Finally, having the initialization of the qubits, the oracle, formed by Ω, Ꞙ and Ω‑1, and the diffuser, one proceeds to measure the state of the system, thus obtaining the expected solution. Explaining the reasoning behind the design of the algorithm is beyond the scope of this article. However, for further information on this topic, refer to the cited article, containing such explanation, by Shang-Wei Lin et al. .

As a consequence, the circuit representing the explained algorithm when the logic expression is F1 is as shown in Figure 1. Figure 1: Representation of the quantum SAT solver for “F1: (not a or b) and (a)”.

Implementation in QuantumPath® with Q xCompositor

Throughout this section it will be shown how to apply the quantum solver of the SAT problem in QuantumPath®, also called quantum SAT solver, when there is an expression somewhat more complex than F1. From Figure 1, it can be foreseen that the higher the complexity of the logical formula to be analyzed, the greater the number of qubits needed and greater the depth of the circuit. In addition, thanks to the Gate Colors option, in the xCompositor Settings tab, the colors on the different gates make it easier to visualize the symmetry of each block. Hence, instead of creating the circuit from Q Assets Compositor®, it is worth doing it from Q xCompositor due to the fact that, as mentioned before, the tool perfectly integrates both QPath® and Excel® properties.

Consequently, Q xCompositor contains the basic tools of the built-in program, such as being able to copy, paste, or even drag different parts of the circuit, tools which will be used on numerous occasions. However, at the same time, it also includes more elaborate elements such as Excel macros: automations with which repetitive tasks can be set up. The first subsection shows how to use both basic and more advanced tools simultaneously. On the other hand, the second subsection shows the option of generalizing the algorithm through macros, thus creating a complete use case where Q xCompositor tools facilitate, notably, the creation of different quantum gate circuits.

In the original article of the proposed algorithm, the following expression is used as an example: “F2: (a) and (not a or b or c) and (not c) and (a)”, which results in F2 being true if, and only if, the variables a, b and c are true. In order to provide the reader with more material, this article will work with “F3: (a or not b) and (b or not c) and (not a or b or c) and (not c) and (a)”, the truth table of which is shown in Table 2.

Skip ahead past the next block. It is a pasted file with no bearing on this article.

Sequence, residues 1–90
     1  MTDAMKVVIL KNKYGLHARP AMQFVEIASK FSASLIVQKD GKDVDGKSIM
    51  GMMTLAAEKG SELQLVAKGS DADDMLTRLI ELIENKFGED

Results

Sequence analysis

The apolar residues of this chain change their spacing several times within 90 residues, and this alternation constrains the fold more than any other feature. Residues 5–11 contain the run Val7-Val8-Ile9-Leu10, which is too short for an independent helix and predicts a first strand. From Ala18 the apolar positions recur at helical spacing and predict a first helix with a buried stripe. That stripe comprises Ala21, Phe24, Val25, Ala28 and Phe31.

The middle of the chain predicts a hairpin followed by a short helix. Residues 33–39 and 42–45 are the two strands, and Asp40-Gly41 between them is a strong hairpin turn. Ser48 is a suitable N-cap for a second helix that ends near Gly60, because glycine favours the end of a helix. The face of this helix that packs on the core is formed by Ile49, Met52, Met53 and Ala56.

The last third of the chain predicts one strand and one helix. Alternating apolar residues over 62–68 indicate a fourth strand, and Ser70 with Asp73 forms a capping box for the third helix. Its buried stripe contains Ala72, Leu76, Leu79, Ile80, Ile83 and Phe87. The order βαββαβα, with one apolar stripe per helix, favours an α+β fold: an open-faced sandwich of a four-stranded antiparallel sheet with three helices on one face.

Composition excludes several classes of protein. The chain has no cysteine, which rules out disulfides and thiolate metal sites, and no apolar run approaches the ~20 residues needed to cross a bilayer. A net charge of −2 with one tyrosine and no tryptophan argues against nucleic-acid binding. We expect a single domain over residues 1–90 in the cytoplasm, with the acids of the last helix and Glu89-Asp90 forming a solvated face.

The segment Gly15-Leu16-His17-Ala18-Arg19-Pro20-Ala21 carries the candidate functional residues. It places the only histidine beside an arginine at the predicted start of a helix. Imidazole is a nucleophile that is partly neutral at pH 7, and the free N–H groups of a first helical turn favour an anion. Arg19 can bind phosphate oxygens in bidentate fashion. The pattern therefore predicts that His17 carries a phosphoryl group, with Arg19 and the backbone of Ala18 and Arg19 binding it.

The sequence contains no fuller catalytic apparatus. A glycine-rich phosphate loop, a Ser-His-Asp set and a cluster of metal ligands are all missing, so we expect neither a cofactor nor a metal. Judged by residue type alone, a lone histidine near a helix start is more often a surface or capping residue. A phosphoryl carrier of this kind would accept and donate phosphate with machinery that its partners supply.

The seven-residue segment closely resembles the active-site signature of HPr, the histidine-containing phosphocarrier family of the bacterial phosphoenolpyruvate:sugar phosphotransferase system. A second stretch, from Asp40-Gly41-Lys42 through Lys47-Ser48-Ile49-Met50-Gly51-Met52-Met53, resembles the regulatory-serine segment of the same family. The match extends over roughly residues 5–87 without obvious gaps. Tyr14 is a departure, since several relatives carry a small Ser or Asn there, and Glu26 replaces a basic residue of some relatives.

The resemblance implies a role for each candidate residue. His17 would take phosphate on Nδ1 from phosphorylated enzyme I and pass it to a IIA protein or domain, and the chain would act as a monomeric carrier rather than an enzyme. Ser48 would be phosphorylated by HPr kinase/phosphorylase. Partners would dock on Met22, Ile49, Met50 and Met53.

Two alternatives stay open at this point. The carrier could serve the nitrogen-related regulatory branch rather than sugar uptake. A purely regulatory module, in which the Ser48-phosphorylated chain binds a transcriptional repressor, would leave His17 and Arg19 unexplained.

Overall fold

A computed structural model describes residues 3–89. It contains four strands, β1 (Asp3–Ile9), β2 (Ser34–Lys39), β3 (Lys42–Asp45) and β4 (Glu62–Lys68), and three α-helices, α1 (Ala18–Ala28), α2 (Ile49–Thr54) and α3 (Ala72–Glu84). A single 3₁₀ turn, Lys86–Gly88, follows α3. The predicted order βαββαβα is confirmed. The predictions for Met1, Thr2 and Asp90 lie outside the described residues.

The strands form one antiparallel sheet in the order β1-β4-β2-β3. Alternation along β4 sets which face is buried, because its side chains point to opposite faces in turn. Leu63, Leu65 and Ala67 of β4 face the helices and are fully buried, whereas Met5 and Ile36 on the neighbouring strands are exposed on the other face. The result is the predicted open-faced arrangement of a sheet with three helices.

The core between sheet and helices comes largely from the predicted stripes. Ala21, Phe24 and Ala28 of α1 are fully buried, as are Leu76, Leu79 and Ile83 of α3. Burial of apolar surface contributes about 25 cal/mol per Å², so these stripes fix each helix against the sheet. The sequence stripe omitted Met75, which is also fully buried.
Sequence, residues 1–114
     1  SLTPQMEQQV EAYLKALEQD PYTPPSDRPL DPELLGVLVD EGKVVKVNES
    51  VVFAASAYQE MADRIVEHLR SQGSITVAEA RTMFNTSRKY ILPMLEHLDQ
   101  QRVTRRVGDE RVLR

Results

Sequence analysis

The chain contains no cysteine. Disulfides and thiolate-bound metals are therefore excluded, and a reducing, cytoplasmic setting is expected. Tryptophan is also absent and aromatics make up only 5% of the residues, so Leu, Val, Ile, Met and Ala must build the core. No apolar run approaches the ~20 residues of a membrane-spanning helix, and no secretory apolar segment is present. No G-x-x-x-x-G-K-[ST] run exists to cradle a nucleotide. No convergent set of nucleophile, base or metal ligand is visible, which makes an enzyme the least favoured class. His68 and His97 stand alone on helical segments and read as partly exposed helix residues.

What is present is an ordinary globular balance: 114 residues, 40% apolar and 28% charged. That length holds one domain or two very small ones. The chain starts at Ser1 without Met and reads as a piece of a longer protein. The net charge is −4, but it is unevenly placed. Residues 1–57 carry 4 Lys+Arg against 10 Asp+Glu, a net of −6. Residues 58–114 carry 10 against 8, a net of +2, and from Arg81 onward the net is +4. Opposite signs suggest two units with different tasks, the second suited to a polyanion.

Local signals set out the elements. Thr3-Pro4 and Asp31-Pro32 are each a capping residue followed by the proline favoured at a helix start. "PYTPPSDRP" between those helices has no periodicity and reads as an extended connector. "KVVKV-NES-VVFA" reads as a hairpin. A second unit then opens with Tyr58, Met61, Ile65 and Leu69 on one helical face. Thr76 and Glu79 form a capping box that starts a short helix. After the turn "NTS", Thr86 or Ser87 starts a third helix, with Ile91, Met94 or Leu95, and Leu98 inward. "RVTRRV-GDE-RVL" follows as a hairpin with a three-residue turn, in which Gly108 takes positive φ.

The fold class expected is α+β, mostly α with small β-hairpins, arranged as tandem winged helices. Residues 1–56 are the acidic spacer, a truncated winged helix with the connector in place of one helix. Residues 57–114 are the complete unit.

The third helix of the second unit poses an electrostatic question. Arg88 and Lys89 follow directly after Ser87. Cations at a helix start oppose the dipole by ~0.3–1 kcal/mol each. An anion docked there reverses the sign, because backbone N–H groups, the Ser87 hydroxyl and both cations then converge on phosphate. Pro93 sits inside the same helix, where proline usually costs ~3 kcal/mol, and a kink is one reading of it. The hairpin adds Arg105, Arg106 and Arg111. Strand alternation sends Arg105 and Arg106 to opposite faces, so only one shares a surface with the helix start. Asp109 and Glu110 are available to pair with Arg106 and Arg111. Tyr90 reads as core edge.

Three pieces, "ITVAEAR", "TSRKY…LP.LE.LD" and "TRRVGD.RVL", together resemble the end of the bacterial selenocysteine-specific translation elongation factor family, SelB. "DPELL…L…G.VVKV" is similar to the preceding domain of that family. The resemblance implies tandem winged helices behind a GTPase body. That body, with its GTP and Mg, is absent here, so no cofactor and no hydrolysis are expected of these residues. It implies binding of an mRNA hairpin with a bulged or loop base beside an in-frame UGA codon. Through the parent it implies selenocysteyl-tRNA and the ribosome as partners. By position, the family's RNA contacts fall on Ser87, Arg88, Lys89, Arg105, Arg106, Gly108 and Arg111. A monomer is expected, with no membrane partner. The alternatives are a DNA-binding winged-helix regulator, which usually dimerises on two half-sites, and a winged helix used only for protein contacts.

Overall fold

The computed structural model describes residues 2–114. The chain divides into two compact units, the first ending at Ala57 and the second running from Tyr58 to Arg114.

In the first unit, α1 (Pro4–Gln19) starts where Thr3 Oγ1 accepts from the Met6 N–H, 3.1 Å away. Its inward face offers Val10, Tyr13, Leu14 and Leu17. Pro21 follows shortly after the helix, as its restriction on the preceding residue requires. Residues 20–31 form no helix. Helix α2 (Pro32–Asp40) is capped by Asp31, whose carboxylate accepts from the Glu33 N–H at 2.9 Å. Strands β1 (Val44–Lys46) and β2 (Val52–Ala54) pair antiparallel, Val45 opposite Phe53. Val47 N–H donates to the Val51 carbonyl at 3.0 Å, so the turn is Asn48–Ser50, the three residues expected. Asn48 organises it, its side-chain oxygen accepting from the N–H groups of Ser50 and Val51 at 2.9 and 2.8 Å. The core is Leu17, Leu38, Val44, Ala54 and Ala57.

a b c F3: (a or not b) and (b or not c) and (not a or b or c) and (not c) and (a) F F F F F F T F F T F F F T T F T F F F T F T F T T F T T T T F

Table 2: Truth table of “F3: (a or not b) and (b or not c) and (not a or b or c) and (not c) and (a).

In other words, F3 is a satisfactory formula, since it is true when a and b are true variables, and c is false.

To implement the circuit using Q xCompositor, it is necessary to have a gate solution created in QuantumPath®, . From there, selecting the option to create a circuit in Excel, Figure 2, the file, where the circuit will be defined, is downloaded. Figure 2: Create circuit button in Excel.

1.     Hybrid implementation

Having the document in which the circuit will be defined, the next step is to analyze the logical expression F3 and initialize the qubits, step 1 of the algorithm. It is easy to verify that F3 is formed by three variables (a, b, and c), distributed in nine literals and five clauses. Therefore, the circuit of the quantum solver will require 15 qubits. As mentioned before, the order is sequential. Hence, the relationship between the 15 qubits and the different parameters of F3 will be as shown in Table 3.